It is to be remembered that the general government is not to be charged with the whole power of making and administering laws. Its jurisdiction is limited to certain enumerated objects. James Madison, Federalist #14
The Founders distrusted strong governments. Their own experience and study of history taught them that overly powerful governments turned oppressive. But they also knew a government was necessary, in fact, a stronger one than what they had at the beginning of our nation. By the time the Constitutional Convention convened in May of 1787, a consensus had developed that the Articles of Confederation were severely flawed, but there was uncertainty about what kind of government could sustain a republic through the ages. They knew it couldn’t be too weak, but it also couldn’t be too strong.
The Founders did not seek a Goldilocks government. Instead they designed an elaborate set of checks and balances so they could give the government enough power to govern, while harnessing it with multiple Lilliputian ropes that would hold it in place so it didn’t trample the little people. From our high school civics class we all learned about the checks and balances between the three branches, but teachers seldom mention the intended check of the national government by the states. Nor were we taught that the Founders wanted our national leaders selected and elected by different means as yet another check on a runaway government. Lastly, the Constitution ratified by the people was supposed to be the premier check to prevent our government from becoming oppressive.
Like Gulliver, our behemoth national government has shrugged off one constraint after another until there are no practical limits to its power. All three branches regularly overstep their boundaries as if each were given unchecked authority. The states are currently struggling to reassert their rightful place in a federal system. State legislatures no longer elect Senators, and the Electoral College is under attack. The general welfare, commerce, and necessary and proper clauses have been use to circumvent the enumerated powers. The Constitution itself has been made impotent by defining it as a living document.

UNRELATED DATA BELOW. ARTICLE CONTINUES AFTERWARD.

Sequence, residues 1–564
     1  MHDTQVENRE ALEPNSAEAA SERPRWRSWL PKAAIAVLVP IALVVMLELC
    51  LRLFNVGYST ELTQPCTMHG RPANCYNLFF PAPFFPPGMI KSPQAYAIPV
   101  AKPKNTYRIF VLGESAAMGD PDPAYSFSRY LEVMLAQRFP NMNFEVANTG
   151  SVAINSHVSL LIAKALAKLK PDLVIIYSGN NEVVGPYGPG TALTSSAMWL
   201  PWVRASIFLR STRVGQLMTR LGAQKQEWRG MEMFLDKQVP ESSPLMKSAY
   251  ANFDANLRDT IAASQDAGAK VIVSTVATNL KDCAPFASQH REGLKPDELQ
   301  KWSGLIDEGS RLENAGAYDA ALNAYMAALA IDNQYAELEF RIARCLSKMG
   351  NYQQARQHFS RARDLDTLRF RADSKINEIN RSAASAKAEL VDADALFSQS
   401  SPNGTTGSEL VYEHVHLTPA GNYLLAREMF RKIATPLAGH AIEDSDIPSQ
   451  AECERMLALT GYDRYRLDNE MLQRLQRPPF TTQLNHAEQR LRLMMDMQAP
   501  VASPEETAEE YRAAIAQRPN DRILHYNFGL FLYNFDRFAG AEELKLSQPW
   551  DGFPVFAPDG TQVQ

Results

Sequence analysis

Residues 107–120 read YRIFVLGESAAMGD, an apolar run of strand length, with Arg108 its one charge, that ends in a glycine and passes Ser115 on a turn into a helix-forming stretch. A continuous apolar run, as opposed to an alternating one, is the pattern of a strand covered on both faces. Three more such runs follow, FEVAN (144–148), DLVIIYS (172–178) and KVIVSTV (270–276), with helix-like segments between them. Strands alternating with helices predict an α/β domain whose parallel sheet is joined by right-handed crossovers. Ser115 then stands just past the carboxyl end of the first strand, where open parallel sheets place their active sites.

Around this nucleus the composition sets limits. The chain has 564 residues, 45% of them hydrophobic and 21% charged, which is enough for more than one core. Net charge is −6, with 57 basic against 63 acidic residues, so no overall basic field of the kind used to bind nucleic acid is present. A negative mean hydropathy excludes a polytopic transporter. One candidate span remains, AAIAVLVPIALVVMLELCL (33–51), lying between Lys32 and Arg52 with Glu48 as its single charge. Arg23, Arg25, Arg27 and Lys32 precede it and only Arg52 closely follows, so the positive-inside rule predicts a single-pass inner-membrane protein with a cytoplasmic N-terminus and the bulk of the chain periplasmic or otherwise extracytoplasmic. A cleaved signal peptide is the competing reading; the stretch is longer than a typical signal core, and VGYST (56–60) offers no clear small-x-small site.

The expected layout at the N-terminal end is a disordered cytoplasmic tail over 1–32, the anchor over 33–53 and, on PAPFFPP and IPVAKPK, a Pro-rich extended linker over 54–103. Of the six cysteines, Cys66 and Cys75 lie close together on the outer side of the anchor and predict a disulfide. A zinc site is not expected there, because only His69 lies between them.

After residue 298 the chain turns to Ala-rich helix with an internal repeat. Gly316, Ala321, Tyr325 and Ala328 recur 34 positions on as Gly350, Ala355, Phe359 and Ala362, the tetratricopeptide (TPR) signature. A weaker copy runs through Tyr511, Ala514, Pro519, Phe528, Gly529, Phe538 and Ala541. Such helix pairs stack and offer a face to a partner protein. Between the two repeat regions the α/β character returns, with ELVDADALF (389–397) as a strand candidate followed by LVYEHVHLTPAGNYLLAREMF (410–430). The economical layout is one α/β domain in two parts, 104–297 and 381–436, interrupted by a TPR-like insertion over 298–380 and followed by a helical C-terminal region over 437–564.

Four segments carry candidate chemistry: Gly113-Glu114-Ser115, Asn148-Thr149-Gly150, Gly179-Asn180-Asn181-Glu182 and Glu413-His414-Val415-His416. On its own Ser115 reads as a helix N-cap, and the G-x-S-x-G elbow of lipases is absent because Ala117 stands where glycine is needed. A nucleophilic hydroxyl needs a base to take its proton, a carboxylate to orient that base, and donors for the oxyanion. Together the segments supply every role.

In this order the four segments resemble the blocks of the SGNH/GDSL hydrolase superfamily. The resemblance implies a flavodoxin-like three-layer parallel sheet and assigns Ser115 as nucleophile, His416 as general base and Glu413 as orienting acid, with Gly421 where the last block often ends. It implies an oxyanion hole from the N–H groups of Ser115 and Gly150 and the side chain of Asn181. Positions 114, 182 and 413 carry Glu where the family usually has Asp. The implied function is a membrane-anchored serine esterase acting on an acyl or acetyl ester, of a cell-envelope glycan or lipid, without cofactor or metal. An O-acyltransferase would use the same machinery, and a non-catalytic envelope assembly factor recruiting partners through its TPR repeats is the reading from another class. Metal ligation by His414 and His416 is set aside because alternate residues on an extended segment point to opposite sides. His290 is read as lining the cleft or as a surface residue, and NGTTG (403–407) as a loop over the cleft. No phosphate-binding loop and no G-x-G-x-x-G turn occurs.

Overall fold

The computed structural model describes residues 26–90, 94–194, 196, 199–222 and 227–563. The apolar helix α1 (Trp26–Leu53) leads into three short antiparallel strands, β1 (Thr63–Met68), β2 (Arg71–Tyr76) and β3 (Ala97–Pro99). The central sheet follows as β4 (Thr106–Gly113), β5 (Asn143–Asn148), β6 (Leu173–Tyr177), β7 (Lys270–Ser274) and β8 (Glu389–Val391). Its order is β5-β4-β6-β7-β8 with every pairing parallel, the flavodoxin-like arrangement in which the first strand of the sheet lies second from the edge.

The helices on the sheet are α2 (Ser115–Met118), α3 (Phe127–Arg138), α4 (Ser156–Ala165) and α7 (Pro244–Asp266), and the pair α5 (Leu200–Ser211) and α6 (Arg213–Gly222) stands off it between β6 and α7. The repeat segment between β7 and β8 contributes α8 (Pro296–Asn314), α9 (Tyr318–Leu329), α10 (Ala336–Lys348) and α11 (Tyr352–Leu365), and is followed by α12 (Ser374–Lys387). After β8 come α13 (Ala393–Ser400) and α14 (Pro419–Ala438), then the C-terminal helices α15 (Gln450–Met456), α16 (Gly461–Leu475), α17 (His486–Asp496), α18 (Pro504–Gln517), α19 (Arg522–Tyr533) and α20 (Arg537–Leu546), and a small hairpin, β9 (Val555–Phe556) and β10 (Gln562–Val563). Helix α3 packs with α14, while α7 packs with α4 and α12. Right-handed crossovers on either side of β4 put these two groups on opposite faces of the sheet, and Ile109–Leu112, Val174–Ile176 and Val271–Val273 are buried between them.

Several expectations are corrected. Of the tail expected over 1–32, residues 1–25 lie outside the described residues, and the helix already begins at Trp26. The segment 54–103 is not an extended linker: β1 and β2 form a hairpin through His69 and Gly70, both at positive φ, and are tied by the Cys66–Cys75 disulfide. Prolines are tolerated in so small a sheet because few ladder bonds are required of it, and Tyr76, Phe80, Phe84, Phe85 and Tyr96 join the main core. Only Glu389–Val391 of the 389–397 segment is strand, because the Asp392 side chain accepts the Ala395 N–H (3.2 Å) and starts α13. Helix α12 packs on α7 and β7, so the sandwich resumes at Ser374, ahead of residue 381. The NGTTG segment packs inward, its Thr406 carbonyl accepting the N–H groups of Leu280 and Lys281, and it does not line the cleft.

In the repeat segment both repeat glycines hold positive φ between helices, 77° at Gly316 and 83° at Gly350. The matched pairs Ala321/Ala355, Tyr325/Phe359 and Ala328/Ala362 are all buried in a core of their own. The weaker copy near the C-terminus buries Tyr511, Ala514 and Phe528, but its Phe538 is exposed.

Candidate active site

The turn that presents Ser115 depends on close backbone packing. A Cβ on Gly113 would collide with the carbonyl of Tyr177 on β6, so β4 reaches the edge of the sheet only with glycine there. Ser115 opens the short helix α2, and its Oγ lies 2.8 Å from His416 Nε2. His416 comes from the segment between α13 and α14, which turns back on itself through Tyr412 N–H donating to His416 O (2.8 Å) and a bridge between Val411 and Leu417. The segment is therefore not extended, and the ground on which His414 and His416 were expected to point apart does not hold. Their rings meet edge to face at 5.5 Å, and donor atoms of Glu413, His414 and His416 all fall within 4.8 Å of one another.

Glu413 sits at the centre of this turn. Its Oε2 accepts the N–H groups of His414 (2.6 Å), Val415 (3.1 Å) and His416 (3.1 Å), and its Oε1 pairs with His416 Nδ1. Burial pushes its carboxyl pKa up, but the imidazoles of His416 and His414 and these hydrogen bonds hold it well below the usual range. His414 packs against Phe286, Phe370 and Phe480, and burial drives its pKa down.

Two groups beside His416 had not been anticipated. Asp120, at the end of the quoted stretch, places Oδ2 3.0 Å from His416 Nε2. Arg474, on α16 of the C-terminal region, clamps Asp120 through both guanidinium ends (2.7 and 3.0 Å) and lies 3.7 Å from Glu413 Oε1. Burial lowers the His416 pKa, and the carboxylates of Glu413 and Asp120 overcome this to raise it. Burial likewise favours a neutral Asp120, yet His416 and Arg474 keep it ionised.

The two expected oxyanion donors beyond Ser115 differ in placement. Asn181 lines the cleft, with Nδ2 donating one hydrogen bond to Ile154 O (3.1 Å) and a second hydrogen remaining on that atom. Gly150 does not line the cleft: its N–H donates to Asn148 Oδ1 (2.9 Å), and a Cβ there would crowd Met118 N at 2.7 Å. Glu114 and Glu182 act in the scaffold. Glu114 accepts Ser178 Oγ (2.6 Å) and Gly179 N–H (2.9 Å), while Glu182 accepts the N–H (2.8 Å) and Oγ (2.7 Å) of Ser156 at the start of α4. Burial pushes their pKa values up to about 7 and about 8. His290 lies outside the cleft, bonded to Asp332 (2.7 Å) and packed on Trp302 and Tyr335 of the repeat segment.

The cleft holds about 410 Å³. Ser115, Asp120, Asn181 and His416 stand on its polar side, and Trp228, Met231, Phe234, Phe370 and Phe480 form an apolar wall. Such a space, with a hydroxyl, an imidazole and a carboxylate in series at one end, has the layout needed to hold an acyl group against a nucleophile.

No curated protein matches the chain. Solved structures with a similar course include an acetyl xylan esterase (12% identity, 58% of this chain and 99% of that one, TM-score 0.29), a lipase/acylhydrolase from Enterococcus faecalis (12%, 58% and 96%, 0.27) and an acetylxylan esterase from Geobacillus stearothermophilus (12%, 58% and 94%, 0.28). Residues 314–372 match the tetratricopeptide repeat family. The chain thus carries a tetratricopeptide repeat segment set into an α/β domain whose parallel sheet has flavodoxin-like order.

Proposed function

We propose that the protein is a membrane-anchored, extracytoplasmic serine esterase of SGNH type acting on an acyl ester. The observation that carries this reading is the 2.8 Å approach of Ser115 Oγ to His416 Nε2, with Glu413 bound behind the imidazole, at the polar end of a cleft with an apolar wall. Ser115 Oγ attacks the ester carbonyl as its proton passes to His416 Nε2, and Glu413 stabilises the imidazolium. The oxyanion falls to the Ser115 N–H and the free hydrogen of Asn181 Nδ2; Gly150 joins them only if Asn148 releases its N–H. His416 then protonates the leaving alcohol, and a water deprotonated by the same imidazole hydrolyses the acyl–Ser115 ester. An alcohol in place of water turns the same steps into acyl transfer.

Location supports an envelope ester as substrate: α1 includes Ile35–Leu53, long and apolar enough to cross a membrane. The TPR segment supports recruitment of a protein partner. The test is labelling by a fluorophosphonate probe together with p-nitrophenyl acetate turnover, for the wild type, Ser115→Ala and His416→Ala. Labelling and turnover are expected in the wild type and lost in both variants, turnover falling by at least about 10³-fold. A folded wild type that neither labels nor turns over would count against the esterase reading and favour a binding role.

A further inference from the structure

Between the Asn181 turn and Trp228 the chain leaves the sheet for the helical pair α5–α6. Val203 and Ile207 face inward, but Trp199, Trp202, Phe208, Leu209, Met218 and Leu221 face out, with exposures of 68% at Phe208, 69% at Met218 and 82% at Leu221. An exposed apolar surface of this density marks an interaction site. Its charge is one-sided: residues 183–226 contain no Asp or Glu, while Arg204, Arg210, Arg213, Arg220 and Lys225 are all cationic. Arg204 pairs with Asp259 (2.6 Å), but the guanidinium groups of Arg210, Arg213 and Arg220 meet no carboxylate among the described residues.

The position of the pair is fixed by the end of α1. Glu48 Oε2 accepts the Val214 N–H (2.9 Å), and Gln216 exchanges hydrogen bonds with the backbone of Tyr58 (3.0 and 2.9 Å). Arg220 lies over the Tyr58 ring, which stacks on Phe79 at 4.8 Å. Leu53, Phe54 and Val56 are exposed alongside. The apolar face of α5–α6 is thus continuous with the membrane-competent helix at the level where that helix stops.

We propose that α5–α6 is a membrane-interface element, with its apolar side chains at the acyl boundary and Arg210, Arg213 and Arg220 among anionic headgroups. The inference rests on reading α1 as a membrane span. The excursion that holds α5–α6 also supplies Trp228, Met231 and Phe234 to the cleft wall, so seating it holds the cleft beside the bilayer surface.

As a result, the national government has few acknowledged constraints. We have diverted from the intent of the Founders. In 1791, James Madison told Washington that “to take a single step beyond the text would be to take possession of a boundless field of power.” He then recommended that the government, “keep close to our chartered authorities.”
Today, Madison would be called a strict constructionist. He wouldn’t disagree. His most strident belief was that all political power emanated from the people. Thus, a constitution was a written contract between the people and its government. At the conclusion of the Constitutional Convention, he rejected approval of their work by Congress or the states, and convinced the other delegates that the constitution had to be sent directly to the people for ratification. Beyond the initial approval, the Founders believed that only the people could change the Constitution. If authority is assumed beyond the enumerated powers without an amendment, it is a usurpation of power—power that rightfully belongs to the people.
No lawyer believes in a living contract. If something isn’t working properly, then the contract must be amended, and contracts are amended every day all over this country. In fact, the United States Constitution has been amended twenty-seven times.
Many believe that the tenth amendment reserved to the states all power not enumerated in the Constitution for the national government. This is an over-simplification. The Tenth Amendment reads: The powers not delegated to the United States by the Constitution, nor prohibited by it to the States, are reserved to the States respectively, or to the people. The people ratified the Constitution which gave the national government enumerated powers. The people also delegated differing levels of power to the various state governments. All power not delegated to a component of this federal system, is reserved to the people.
We have meandered away from these basic tenants. It has not been a successful trek. The deficit is an astonishing $14 trillion. Interest costs are consuming an ever larger percentage of the national budget, and will skyrocket when interest rates return to historical norms. These numbers represent real jeopardy.
This is why the lawsuit by the states against Obamacare is crucial. This trend toward concentrated power must be reversed. There is much else we need to do, but a Supreme Court ruling that put an outside boundary around the commerce clause is a necessary first step.